White supremacist Pat Buchanan will co-star on public television’s relaunched McLaughlin Group

Pat Buchanan FB image

Citation Ceci Freed / Media Matters | Bbsrock via Wiki Commons

Pat Buchanan is a white supremacist who has complained that the United States is “committing suicide” because “Asian, African, and Latin American children” are replacing whites; said that undocumented immigrants are conducting a “third world invasion” of the country; defended Adolf Hitler as “an individual of great courage” who didn’t want to go to war; and argued that homosexuality should be “contained, segregated, controlled, and stigmatized.”

Maryland Public Television (MPT) will feature him in a public affairs program starting next month. 

The public television station announced on August 12 that it will relaunch The McLaughlin Group in the Maryland and Washington, D.C., area in September. MPT also plans to expand the program nationally in January 2020 “through an agreement with American Public Television.” The program was briefly relaunched last year on WJLA, Sinclair Broadcast Group’s D.C. station. The weekly program will feature host Tom Rogan and panelists Buchanan, Eleanor Clift, and Clarence Page, as well as guest panelists. Clift, Page, and Buchanan were panelists on the original McLaughlin Group, which was hosted by the late John McLaughlin

Buchanan is a former aide to President Richard Nixon and a longtime media personality who worked for MSNBC and CNN. He also ran for president as a Republican and third party candidate. 

In 2000, he won the Reform Party’s nomination. At the time, Donald Trump said of Buchanan: “He's a Hitler lover. I guess he's an anti-Semite. He doesn't like the blacks. He doesn't like the gays. It's just incredible that anybody could embrace this guy.” In 2016, Buchanan said that “Trump has raised the very issues I raised in the early nineties.” Trump has flip-flopped on Buchanan, praising him for being “way ahead of your time!” and quoting him on immigration. 

Media Matters asked MPT about Buchanan's history of white supremacist and anti-LGBTQ comments. A spokesperson for the station responded with the following statement: “Public media provides a big tent for the expression of many points of view. The McLaughlin Group has been a long-time staple on public TV. It’s a program series viewers appreciate for its wide range of views and perspectives, as well as the lively debate on issues that takes place among its panelists.”  

Buchanan is a white supremacist who has pushed virulently racist rhetoric. 

  • Buchanan said that the United States is “committing suicide” by “not reproducing itself” while “Asian, African, and Latin American children come to inherit the estate.” 

  • Buchanan has repeatedly referred to undocumented immigrants as invaders. His 2006 book is titled State of Emergency: The Third World Invasion and Conquest of America. He said on Fox News: “You've got a wholesale invasion, the greatest invasion in human history, coming across your southern border, changing the composition and character of your country.” 

  • Buchanan declined to disavow the idea that people of color have inferior genes compared to white people when pressed by a radio host. And as a Nixon aide, The Boston Globe reported, Buchanan “suggested in a memo to President Nixon that efforts to integrate the U.S. might only result in 'perpetual friction' because blacks and the poor may be genetically inferior to middle-class whites.”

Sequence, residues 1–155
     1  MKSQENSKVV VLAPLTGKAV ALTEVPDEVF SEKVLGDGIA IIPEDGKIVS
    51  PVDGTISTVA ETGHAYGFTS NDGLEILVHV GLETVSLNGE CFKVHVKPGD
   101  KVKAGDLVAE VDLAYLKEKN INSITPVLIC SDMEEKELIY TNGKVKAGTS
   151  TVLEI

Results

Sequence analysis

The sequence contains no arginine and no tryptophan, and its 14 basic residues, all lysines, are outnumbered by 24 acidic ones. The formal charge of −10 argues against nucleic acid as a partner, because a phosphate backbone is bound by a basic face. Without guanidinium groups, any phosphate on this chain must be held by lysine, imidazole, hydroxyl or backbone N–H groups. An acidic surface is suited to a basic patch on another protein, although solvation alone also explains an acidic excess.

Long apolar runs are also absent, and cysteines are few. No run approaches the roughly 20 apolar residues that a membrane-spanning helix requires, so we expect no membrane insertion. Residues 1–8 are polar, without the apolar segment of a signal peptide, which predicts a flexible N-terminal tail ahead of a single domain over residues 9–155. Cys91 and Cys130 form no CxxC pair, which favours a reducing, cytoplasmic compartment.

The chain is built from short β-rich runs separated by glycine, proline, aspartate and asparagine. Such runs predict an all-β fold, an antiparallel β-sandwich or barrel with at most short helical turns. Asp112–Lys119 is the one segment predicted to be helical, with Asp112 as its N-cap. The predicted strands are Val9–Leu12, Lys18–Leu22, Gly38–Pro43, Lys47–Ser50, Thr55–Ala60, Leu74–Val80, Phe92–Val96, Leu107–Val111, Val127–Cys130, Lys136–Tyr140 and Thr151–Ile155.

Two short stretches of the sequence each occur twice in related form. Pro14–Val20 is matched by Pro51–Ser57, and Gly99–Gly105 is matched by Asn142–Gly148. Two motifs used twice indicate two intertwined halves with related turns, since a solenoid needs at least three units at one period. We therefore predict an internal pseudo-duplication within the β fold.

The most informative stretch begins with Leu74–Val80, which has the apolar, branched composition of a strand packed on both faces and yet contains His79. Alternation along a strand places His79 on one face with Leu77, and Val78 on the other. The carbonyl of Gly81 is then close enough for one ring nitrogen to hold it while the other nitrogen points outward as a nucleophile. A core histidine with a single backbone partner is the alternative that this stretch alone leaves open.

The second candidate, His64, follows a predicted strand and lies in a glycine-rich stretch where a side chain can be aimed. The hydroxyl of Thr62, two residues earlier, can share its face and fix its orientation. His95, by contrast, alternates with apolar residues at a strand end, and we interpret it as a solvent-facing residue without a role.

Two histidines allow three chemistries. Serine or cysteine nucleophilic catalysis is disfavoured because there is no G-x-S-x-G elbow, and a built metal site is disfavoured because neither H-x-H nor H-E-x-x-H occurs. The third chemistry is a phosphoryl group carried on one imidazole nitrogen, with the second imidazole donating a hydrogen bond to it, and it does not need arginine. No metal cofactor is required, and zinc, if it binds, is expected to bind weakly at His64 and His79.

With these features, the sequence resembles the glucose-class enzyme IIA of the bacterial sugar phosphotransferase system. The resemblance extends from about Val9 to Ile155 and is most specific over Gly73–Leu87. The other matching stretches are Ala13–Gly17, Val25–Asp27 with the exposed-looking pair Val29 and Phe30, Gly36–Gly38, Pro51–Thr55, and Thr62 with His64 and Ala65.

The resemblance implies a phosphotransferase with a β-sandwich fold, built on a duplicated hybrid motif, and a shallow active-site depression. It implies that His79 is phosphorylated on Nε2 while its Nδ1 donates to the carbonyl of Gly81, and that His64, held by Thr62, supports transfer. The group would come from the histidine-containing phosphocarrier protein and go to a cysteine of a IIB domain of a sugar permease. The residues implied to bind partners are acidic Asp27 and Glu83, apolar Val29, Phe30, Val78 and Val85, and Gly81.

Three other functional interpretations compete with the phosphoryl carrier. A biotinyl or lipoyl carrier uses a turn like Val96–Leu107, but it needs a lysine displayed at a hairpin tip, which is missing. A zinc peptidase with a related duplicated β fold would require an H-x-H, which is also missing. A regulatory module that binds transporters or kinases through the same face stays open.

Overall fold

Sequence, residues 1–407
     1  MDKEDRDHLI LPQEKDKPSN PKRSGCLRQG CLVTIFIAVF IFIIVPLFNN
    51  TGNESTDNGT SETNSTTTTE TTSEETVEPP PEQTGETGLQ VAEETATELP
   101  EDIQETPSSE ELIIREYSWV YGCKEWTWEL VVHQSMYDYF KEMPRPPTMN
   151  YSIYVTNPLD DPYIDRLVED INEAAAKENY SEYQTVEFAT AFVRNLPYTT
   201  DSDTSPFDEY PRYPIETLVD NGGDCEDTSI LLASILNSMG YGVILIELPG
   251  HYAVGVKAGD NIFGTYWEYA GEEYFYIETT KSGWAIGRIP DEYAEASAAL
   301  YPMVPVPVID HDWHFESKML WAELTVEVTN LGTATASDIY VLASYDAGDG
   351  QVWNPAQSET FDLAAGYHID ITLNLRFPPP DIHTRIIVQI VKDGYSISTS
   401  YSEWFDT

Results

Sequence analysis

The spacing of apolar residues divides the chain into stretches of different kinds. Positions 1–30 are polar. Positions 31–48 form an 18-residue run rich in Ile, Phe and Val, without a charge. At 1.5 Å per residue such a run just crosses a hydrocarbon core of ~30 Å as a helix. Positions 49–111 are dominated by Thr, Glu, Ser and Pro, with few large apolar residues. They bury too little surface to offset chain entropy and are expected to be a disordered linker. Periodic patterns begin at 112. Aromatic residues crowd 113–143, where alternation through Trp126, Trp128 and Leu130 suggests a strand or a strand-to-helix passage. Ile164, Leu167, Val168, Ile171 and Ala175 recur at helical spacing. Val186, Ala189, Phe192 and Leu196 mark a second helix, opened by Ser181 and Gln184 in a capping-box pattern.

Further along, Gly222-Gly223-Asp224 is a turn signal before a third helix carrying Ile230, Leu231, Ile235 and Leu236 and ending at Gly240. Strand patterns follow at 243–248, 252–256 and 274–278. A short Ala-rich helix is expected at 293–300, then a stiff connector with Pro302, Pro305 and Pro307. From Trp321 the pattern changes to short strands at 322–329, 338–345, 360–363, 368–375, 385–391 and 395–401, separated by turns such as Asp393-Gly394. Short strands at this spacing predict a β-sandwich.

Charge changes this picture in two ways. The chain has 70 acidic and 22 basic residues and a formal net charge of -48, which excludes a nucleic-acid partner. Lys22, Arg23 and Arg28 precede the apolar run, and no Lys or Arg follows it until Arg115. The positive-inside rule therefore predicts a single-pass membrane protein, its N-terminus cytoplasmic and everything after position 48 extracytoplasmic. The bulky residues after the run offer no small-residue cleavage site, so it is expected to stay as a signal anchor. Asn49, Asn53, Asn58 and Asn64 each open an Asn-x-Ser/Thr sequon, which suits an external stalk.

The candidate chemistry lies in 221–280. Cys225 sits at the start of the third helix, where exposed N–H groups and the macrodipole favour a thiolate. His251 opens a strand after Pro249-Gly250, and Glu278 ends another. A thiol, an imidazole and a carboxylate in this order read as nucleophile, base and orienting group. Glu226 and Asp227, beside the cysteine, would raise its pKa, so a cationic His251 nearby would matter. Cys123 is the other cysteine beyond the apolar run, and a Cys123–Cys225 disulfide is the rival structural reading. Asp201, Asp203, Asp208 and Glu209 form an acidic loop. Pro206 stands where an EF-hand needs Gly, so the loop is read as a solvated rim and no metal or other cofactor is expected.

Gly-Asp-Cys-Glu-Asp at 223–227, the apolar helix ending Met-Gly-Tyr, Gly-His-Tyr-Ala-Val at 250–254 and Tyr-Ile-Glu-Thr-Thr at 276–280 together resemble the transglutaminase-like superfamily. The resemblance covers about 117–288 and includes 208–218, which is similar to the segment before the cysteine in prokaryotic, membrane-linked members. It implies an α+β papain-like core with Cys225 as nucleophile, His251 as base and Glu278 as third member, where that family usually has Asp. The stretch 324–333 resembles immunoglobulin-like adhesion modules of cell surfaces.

• Buchanan has repeatedly defended Adolf Hitler, including claiming that he was “an individual of great courage” and that he didn’t want war. He also complained that the Supreme Court had too many Jewish justices after Eleana Kagan was nominated to the court. 

  • Buchanan defended Bob Jones University's ban on interracial dating (the prohibition was removed in 2000). 

  • Buchanan was asked if he had a problem with California becoming “majority Hispanic, majority Latino.” He replied: “Yes, I do. Yes, I do. If their -- because of the Mexican situation, Mexico has a claim on this country.” He also complained that immigration would turn the country into “a polyglot boarding house for the world, a tangle of minosquabbling rities." He additionally warned against the country becoming “multiracial, multicultural, multiethnic,” explaining: “I prefer the kind -- I grew up in a different country.” 

  • Buchanan said that “in a way, both sides were right” during the Civil War. 

  • Buchanan falsely claimed that “this has been a country built, basically, by white folks” and that only “white males” died at the battles at Gettysburg and Normandy.

  • Buchanan said that “America has been the best country on earth for black folks. It was here that 600,000 black people, brought from Africa in slave ships, grew into a community of 40 million, were introduced to Christian salvation, and reached the greatest levels of freedom and prosperity blacks have ever known. … We hear the grievances. Where is the gratitude?” 

Buchanan also hates LGBTQ people. He has claimed that gay people are “sodomites” and said they are “literally hell-bent on satanism and suicide.” He falsely claimed that homosexuality is a “disorder” that can be handled with therapy (attempting to change someone's sexual orientation or gender identity -- also known as conversion therapy -- is a discredited and harmful practice). And he said that in “a healthy society, [homosexuality] will be contained, segregated, controlled, and stigmatized.” 

More on Pat Buchanan’s history, and what Maryland Public Television is bringing to television sets across the country, can be found here

Update (8/15/19): McLaughlin Group host and conservative writer Tom Rogan responded to this post by tweeting: “Media Matters being insane as usual.”